Co-host Clare Balding looked visibly concerned after Lineker revealed he was bleeding, saying: "Just who is going to win this coveted prize - which I have cut my finger on?" he asked, before adding "I'm bleeding everywhere."
Balding glanced offstage and pointed at Lineker as though she was trying to alert the stage management team.
But Lineker continued to laugh and make light of the situation, moving on with his presenting role as blood dripped down his hand and onto the stage.
"He literally bleeds for the BBC," joked another fellow presenter, Gaby Logan.
Lineker's injury came during one of the sports award's most scandal-hit nights, which was won by tennis player Andy Murray while controversial boxer Tyson Fury came in fourth.
Aside from Lineker's mishap, the show was stolen by a young boy - Bailey Matthews - who won the Helen Rollason award for outstanding achievement in the face of adversity.
Matthews, who has cerebral palsy, completed his first triathlon unaided and was called "A cheeky lad from Yorkshire who personifies everything this award is about" by Logan at the ceremony.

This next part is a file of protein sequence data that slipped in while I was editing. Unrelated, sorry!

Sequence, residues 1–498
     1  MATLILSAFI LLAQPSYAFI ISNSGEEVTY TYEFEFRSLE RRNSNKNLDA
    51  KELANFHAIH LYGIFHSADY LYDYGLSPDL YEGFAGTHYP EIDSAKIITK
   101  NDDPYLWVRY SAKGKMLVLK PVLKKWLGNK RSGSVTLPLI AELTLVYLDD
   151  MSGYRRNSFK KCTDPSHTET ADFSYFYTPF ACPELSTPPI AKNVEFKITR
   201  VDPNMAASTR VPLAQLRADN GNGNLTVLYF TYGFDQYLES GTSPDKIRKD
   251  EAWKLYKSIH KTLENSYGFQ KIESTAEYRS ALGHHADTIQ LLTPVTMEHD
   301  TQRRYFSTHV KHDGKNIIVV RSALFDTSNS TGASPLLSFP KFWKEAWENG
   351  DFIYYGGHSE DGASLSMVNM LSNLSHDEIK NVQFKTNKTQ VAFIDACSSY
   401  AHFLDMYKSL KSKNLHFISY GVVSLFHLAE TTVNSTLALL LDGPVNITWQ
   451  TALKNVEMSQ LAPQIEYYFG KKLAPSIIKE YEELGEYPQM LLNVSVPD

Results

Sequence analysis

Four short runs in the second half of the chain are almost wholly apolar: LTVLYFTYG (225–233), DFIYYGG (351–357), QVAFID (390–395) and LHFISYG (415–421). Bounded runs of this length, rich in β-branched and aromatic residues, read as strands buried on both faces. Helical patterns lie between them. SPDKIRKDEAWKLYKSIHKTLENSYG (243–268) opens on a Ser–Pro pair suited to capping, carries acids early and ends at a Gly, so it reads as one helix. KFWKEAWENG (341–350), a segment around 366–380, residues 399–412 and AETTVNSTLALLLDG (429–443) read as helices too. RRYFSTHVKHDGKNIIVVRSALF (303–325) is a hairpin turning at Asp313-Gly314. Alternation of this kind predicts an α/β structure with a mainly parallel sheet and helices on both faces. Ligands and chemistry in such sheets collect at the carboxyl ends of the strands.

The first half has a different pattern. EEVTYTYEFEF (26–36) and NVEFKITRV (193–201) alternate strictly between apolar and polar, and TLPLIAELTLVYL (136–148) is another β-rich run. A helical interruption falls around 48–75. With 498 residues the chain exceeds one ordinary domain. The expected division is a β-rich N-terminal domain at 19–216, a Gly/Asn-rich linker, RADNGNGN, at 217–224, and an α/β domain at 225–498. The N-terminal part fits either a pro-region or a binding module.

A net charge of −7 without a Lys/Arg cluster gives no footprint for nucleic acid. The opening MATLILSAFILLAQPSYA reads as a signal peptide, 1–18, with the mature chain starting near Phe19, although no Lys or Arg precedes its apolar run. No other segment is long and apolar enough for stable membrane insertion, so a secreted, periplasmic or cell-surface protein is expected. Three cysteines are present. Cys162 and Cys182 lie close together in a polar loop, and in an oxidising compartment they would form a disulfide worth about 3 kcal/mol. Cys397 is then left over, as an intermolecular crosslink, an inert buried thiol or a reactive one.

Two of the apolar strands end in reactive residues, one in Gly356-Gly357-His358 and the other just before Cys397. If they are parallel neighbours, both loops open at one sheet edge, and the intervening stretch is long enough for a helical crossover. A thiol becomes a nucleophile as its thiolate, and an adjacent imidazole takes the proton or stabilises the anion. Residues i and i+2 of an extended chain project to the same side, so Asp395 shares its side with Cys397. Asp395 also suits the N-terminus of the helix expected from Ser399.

A video of Matthews dropping his walking aid to cross the finish line has been viewed on Facebook more than 27 million times.
Campaigners picketed the awards venue in Northern Ireland last night, saying they were "disgusted" that Tyson Fury had remained on the shortlist despite making controversial comments.
Critics claimed the world heavyweight champion shouldn't have been on the list, after his controversial statements about gay people, women and abortion.
Fury was booed at the ceremony after he allegedly equated homosexuality with paedophilia, joked about being violent toward women, and said a woman's "best place is on her back".
But Andy Murray was the clear winner, with 361,446 public votes, while second-placed rugby player Kevin Sinfield pulled in 278,353 and Jessica Ennis-Hill, in third, received 79,898.
Fury came fourth with 72,330 votes.
Gay rights campaigners picketed the SSE Arena venue, holding up banners reading "Furious at the BBC" and "knock out homophobia and sexism".
Paddy Power projected a rainbow banner onto the venue's wall to 'welcome' Fury. It showed a doctored image of him wearing makeup and doing the splits, adorned with a rainbow flower, with the words: "Don't be furious, be fabulous."